My Pension, Partner, Family: What Happens When I Die?

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The question ‘What happens to my pension when I die?’ may have crossed your mind before, and you would not be alone. This is a very common question. However, the answer may not be as simple as you would have thought.


The question ‘What happens to my pension when I die?’ may have crossed your mind before, and you would not be alone. This is a very common question. However, the answer may not be as simple as you would have thought.

Given it’s a question related to pensions, things are never quite that straightforward, with a multitude of answers and complexity depending on your age, the type of pension plan and whether your pension is in payment or not. Here, I am going to summarise this complex topic to give you more of an understanding of where your pension will go in the event of your death, and that main considerations you should be aware of.

Death Benefits for pension plans are typically free of Inheritance Tax (IHT), regardless of how the benefits are taken. Again, however, this is pensions, so there are always some caveats and potential tax consequences to consider, so worth talking to your financial adviser about this first.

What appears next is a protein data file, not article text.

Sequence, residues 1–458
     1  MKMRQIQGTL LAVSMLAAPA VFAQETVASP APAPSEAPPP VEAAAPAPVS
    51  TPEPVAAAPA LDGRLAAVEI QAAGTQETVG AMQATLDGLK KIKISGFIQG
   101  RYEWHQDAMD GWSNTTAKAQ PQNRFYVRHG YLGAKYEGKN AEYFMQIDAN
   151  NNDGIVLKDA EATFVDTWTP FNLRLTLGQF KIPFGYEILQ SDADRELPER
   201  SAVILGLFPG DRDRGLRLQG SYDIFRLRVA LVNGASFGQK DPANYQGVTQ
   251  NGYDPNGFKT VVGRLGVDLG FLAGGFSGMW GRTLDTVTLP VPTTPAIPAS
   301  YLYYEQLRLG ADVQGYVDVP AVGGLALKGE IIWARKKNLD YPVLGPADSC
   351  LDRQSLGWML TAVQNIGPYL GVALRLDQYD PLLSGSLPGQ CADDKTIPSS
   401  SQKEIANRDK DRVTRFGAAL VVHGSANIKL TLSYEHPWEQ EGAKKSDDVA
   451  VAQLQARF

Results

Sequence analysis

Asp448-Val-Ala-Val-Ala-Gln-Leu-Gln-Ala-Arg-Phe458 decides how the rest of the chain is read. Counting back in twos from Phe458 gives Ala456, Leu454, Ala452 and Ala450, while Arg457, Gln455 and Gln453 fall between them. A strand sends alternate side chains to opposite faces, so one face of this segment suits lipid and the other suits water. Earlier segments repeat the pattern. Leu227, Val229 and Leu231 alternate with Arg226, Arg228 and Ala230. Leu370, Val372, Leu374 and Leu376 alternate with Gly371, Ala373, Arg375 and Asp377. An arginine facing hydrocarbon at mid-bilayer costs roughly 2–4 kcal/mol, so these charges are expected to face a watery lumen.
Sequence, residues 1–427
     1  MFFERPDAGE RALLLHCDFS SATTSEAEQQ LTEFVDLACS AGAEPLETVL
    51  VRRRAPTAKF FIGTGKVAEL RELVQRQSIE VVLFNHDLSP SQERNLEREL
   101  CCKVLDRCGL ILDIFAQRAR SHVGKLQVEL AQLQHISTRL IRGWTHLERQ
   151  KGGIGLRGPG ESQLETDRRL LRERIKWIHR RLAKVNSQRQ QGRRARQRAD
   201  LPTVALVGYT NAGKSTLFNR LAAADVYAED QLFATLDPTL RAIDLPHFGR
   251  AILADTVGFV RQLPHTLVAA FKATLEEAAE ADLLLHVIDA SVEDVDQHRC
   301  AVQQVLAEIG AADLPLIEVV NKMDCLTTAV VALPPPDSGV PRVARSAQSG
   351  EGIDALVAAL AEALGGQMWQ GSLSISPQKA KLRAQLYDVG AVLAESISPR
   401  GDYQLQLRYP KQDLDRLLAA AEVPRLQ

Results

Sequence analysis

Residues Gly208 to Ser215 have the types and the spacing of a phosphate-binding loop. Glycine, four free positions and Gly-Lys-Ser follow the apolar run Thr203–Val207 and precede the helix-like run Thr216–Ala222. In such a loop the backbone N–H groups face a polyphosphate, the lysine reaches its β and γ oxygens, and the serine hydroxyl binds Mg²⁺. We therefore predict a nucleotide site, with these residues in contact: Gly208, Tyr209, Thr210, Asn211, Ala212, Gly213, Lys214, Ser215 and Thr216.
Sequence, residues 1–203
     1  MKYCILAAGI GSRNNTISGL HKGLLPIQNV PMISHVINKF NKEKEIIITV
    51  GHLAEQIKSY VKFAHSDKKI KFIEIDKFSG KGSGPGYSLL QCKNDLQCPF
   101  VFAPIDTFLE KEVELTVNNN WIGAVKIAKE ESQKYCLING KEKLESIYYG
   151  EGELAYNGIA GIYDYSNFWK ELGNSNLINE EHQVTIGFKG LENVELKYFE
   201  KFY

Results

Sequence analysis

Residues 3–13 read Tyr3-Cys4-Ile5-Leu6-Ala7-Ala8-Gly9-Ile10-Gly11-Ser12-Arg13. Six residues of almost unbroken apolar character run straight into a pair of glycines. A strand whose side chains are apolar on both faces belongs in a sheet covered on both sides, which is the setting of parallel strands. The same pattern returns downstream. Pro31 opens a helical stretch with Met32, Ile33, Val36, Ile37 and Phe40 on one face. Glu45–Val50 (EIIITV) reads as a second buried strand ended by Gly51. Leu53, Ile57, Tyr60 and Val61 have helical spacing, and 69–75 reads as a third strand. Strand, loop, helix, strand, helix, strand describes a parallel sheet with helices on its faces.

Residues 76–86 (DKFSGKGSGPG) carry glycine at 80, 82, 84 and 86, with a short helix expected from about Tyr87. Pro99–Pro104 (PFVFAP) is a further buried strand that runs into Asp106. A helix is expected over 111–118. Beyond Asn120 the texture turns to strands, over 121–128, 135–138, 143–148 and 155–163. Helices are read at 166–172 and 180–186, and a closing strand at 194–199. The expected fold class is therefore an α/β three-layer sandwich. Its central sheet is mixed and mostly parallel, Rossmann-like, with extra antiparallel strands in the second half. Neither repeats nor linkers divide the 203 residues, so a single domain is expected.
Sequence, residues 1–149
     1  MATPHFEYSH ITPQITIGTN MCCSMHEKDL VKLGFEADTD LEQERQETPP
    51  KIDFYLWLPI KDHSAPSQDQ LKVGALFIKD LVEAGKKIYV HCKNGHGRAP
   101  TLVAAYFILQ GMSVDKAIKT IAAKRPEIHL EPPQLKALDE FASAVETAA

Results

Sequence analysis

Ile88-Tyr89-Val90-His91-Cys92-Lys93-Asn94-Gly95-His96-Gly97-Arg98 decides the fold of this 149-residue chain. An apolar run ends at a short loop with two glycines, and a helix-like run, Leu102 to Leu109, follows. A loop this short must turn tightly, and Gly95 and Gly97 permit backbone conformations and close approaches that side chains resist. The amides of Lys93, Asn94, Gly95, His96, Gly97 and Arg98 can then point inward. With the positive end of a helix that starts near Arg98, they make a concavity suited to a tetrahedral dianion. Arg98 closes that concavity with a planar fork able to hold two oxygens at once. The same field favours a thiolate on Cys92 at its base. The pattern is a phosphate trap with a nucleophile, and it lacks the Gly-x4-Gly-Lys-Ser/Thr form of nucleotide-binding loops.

Things to consider before accessing your pension benefits.

If you are yet to start taking any benefits, are still contributing to your pension plan, or you are below age 55 (generally the earliest you can access your pension plan), we need to look at the two main types of pension plans separately:

1. Defined Contribution Pensions: Also called Money Purchase, this type of pension includes different types of plans such as Self Invested Pension Plans (SIPP), Group or Individual Personal Pension Plans, and most new workplace pension schemes.

These pensions usually pay out the value of your pension pot at the date of your death and, in most cases, are free of IHT. This is because the pension provider normally has discretion over the payment of the benefits. These are payable as a tax-free lump sum to the recipient (provided you are under the age of 75 at time of death).

Nominate your beneficiaries: - As the pension provider has discretion over the payment, it is important to ensure that your wishes and considerations are taken into account regarding where and to whom you want these death benefits to be paid. Ask your pension provider for an expression of wishes form (Death Benefit Nomination form) for you to complete and return to the provider to keep on their records. If you have more than one pension you will need to let all your providers know.